Police patrol a night food market in China’s Xinjiang Uighur Autonomous Region on 25 June 2017 (AFP)
For all the talk of Africa being “an equal partner” and the relations being a “win-win”, not one African leader dared to ask their hosts for clarity on the rights violations reported.
Clearly, “trade” between China and the Arab world and “economic development” in Africa is way more important than institutionalised bigotry on the part of their benefactor, an emphatic endorsement of China’s policy of non-interference in the domestic issues of the countries it deals with.
Yet Paul Kagame, Rwanda’s president and the current head of the African Union, described China’s engagement with the continent as “deeply transformational”, noting: “We will also open new pathways on environmental protection and scale up people-to-people exchanges.”
By refusing to raise legitimate concerns with their Chinese counterparts over the treatment of the Uighur population, those Muslim and African leaders in attendance were complicit in what is essentially a project of social engineering.
This is the same inertia that led to the murder and expulsion of hundreds of thousands of Rohingya Muslims from Myanmar’s Rakhine state in 2017, in what is now being openly called a genocide.
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It is the same silence that accompanied India’s decision to potentially strip some four million people - mostly Muslims - of their citizenship in the northeastern state of Assam. They are now described as imposters and foreigners.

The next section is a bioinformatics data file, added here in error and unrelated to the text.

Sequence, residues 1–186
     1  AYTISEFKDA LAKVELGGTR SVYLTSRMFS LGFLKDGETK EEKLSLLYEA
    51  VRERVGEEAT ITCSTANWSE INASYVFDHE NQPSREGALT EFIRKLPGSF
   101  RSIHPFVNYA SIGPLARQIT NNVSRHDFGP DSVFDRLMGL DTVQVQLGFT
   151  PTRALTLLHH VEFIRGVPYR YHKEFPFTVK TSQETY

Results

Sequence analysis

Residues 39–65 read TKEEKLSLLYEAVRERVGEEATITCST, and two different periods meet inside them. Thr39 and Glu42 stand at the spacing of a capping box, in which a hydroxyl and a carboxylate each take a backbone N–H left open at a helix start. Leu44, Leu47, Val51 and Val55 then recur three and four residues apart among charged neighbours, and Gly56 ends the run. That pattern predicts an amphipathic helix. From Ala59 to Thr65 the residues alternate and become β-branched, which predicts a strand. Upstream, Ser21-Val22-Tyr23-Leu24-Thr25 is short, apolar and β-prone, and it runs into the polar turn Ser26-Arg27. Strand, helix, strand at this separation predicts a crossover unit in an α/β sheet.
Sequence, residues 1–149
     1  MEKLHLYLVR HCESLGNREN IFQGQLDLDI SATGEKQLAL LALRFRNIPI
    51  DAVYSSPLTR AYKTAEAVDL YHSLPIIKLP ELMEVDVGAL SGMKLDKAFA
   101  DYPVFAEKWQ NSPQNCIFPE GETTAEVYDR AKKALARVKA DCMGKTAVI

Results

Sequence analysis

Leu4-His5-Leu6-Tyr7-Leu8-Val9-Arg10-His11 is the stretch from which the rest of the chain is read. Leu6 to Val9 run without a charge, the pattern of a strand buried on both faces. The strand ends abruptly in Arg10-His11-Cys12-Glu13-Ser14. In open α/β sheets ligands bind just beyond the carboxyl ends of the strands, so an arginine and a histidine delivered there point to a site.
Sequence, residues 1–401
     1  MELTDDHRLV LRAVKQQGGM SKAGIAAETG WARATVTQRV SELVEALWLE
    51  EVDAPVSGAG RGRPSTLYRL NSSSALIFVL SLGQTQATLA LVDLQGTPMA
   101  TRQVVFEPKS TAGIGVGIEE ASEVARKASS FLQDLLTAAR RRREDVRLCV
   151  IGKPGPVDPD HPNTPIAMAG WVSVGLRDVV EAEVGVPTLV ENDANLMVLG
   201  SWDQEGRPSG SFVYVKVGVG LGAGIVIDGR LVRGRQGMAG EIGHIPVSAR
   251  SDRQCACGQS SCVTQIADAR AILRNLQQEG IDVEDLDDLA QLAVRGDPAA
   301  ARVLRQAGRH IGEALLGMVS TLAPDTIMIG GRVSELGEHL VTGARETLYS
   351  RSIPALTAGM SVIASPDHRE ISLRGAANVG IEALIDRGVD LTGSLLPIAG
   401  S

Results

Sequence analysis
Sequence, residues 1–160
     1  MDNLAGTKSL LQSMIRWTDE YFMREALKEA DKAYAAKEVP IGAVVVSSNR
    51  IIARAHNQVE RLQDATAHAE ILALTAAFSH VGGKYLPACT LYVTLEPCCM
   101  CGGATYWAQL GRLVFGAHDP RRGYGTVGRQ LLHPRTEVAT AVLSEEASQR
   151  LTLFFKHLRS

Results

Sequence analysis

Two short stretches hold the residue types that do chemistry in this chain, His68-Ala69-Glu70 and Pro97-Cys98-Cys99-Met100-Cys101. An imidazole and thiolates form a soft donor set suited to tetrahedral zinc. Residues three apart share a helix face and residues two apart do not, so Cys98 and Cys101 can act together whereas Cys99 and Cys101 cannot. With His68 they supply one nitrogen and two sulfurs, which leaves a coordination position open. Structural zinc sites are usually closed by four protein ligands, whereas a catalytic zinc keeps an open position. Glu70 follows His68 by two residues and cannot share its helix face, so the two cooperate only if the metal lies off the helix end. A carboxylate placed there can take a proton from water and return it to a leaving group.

This same lacklustre approach has also allowed the US to continue to ban citizens of several Muslim countries, without so much as a whimper from the African and Arab world.
New world order
The humiliation suffered by Uighurs, and the silence that has accompanied these disclosures, emphasises the rise of a new world order.
Xinjiang has long acted as a test-site for the Chinese government to experiment with new modes and methods of control; with endless checkpoints, including facial-recognition systems fitted on street corners across villages in the province, Uighurs face endless scrutiny. It may be among the most policed areas on the planet.
With fascism knocking on our doors from India to the US, such concerns have never been more pressing
Should such conditions go unchallenged, activists say, these policies could easily be replicated by other countries looking to repress or control minorities.
With fascism knocking on our doors from India to the US, such concerns have never been more pressing.
- Azad Essa is a journalist based in New York City. He has written for Al Jazeera English, The Washington Post and The Guardian. Follow him on Twitter: @AzadEssa
The views expressed in this article belong to the author and do not necessarily reflect the editorial policy of Middle East Eye.
Photo: A Muslim man arrives at the Id Kah Mosque for morning prayers in China’s Xinjiang Uighur Autonomous Region on 26 June 2017 (AFP)
This article is available in French on Middle East Eye French edition.